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Our deals to Ashkelon

Hotels to Ashkelon

Ashkelon,Israel

  • The City of Ashkelon

    Ashkelon, the southernmost city on the Mediterranean shoreline, has recently become an attraction to both Israelis and foreign tourist. Ashkelon boasts rare archaeological sites, parks and scenery and beautiful beaches.
    The seaside town was also a significant biblical site, where Delilah cut Samson's hair to rob him of his strength. Ashkelon is thought to be the birthplace of Herod, who built monumental buildings, bath houses, elaborate fountains and large colonnades. Today Ashkelon is known as a sun-and-surf national city.

  • Story of Ashkelon

    Ashkelon is a coastal town in the southern district of Israel on the Mediterranean coast, 50 km (31 mi) south of Tel Aviv and 20 km (14 mi) south of Ashdod. The city's climate is typically Mediterranean, with long and hot summers and cool and not-too-rainy winters.
    The city was first settled more than 4000 years ago. It was ruled by the Philistines, the Israelites, the Romans, the Byzantine, the Muslims and the Crusaders, all of whom left their mark on this quaint little seaside town.


    Five Great Reasons to Visit Ashkelon:

    • Ashkelon boasts spectacular beaches along its 12 km coastline with a variety of holiday facilities and hotels. The Ashkelon Marina has a 600-vessel mooring capacity, making it one of the largest and most beautiful in Israel.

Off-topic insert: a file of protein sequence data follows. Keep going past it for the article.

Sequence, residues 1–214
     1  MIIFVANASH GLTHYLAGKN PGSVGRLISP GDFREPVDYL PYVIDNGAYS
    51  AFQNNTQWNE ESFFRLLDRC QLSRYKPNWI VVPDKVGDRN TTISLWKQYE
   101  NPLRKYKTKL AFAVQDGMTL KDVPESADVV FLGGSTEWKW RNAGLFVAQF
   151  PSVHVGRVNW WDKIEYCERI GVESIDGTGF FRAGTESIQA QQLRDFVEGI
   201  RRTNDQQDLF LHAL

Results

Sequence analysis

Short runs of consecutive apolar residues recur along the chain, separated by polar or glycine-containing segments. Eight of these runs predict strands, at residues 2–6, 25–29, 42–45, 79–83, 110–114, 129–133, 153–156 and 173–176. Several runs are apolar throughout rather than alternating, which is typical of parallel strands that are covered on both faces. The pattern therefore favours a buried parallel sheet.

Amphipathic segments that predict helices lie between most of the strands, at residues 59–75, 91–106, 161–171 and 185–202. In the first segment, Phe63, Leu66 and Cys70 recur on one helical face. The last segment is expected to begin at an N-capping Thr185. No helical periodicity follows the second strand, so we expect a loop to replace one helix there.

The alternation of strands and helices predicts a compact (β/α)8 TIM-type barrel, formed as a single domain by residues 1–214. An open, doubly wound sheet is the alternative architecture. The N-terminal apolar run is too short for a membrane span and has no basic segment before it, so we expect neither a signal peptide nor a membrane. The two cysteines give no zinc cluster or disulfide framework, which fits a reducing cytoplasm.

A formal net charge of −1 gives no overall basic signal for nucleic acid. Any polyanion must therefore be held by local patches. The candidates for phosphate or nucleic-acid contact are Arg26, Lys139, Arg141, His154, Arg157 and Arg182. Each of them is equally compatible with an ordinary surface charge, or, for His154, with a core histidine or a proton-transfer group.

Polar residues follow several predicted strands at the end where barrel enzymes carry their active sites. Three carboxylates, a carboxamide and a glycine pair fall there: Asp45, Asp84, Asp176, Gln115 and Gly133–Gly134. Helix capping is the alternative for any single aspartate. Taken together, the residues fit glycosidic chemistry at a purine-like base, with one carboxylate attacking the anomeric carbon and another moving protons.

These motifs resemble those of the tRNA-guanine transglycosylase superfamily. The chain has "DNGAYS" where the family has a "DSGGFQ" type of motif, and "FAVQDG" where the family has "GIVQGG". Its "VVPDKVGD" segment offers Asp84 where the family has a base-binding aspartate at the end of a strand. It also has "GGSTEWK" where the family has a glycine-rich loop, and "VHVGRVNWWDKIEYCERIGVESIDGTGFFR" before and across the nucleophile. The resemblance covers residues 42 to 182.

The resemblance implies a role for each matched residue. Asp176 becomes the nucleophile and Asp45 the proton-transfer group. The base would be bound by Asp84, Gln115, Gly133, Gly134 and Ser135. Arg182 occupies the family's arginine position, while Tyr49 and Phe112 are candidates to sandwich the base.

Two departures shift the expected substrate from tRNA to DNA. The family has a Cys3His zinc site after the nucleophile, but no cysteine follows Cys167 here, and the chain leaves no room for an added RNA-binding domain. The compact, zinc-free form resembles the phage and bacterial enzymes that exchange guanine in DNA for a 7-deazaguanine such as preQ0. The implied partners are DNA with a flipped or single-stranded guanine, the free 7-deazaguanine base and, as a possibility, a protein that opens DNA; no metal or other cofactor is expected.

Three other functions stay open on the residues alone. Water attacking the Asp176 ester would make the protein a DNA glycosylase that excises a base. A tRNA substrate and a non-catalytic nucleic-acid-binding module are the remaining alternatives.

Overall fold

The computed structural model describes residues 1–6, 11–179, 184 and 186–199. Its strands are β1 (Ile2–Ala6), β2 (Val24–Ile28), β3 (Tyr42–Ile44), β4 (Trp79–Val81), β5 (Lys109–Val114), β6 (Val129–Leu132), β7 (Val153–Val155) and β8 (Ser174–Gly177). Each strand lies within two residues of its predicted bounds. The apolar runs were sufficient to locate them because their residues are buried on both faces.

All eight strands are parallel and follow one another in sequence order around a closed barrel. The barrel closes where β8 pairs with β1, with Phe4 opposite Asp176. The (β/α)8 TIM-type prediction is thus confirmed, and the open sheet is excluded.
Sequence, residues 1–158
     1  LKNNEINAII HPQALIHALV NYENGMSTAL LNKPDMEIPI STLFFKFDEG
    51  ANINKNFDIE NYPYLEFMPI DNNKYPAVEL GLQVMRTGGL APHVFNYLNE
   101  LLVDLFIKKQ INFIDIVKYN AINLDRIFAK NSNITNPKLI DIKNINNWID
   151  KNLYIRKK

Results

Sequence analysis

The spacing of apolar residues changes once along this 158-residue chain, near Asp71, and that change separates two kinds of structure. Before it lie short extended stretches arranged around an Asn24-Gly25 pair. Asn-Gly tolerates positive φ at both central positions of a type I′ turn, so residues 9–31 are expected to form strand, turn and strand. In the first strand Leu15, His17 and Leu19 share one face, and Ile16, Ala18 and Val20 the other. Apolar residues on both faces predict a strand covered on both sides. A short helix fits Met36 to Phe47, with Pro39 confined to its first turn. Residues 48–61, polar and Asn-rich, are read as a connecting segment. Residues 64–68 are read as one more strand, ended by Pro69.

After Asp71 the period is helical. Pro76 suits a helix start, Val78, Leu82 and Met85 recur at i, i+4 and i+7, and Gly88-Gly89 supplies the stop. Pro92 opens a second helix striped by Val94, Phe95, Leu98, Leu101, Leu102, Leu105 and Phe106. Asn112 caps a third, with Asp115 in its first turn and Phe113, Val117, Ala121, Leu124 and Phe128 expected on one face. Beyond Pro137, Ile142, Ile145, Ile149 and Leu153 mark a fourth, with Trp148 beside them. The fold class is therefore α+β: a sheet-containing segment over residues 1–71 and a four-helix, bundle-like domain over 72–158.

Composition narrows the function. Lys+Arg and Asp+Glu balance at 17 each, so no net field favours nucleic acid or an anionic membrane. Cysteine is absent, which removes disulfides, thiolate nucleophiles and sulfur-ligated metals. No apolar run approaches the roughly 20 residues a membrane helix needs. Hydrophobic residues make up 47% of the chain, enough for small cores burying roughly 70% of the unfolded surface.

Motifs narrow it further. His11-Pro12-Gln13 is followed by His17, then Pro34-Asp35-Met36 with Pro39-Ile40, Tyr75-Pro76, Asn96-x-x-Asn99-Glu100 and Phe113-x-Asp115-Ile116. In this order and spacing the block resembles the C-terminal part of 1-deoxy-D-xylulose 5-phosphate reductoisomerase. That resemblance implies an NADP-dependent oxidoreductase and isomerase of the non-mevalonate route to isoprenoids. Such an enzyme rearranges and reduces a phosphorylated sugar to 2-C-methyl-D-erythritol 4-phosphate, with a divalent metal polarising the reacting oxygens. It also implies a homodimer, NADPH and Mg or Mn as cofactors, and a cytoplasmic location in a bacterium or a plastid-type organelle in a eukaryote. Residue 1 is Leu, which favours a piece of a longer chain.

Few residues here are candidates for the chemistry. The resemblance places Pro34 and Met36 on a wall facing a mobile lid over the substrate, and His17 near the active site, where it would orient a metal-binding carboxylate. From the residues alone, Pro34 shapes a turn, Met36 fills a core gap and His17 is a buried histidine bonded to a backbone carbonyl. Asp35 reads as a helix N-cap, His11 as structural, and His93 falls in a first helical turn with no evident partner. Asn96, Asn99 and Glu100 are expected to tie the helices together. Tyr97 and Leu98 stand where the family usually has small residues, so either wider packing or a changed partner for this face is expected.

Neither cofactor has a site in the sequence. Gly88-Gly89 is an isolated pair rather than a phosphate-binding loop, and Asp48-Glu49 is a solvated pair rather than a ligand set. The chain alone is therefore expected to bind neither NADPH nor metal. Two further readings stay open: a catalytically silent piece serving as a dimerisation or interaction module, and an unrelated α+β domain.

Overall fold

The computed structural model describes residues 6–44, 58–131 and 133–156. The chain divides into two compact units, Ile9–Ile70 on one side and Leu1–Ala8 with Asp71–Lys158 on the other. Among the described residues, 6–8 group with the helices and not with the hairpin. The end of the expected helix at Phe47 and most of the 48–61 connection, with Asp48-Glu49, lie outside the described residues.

Archeological sites - The excavations of a Byzantine church, with marble columns, capitals and mosaic floors, is open to the public. The basilica was built in the 4th century and destroyed during the Arab conquest in the 7th century. An outdoor museum houses archeological finds from the area, including two Roman sarcophagi - beautifully decorated and among the finest ever found in Israel. Other ancient artifacts on display include sculptures, columns, capitals and inscriptions.

    Ashkelon Khan and Museum - This ancient Arab wayside inn is now home to the city's history museum. There are archeological finds spanning 5,000 years of history, including a replica of Ashkelon's famous Canaanite silver calf, a significant archeological discovery that made the front page news. The Khan's Municipal Gallery showcases local artists, including new immigrants, and there are also a café and a fish restaurant.

    Hamei Yoav Spa - The complex was founded by members of Kibbutz Negba and Sde Yoav. The mineral-filled waters were discovered in the 1950s, while digging for crude oil in the area. The waters' healing powers were discovered in the mid-80s and are believed to accelerate metabolism and speed up weight loss, rejuvenate skin cells and relieve stress. Hamei Yoav offers thermal pools, the waterfall pool, hydro massages as well as a deluxe spa center.

    Ashkeluna - The city's water amusement park has water slides and pools, a cafeteria and picnic ground.
  • Ashkelon Attractions

    Ashkelon National Park, bordering a beautiful beach, boasts important relics from the city's long and turbulent history. The park holds impressive remains from Roman times, including marble and granite columns and capitals, statues of goddesses and a Roman basilica. About 60 ancient wells are also dotted throughout the park. However, the most outstanding find is from an even earlier period: a Bronze Age gate, the earliest arch in the world (circa 1800 BCE).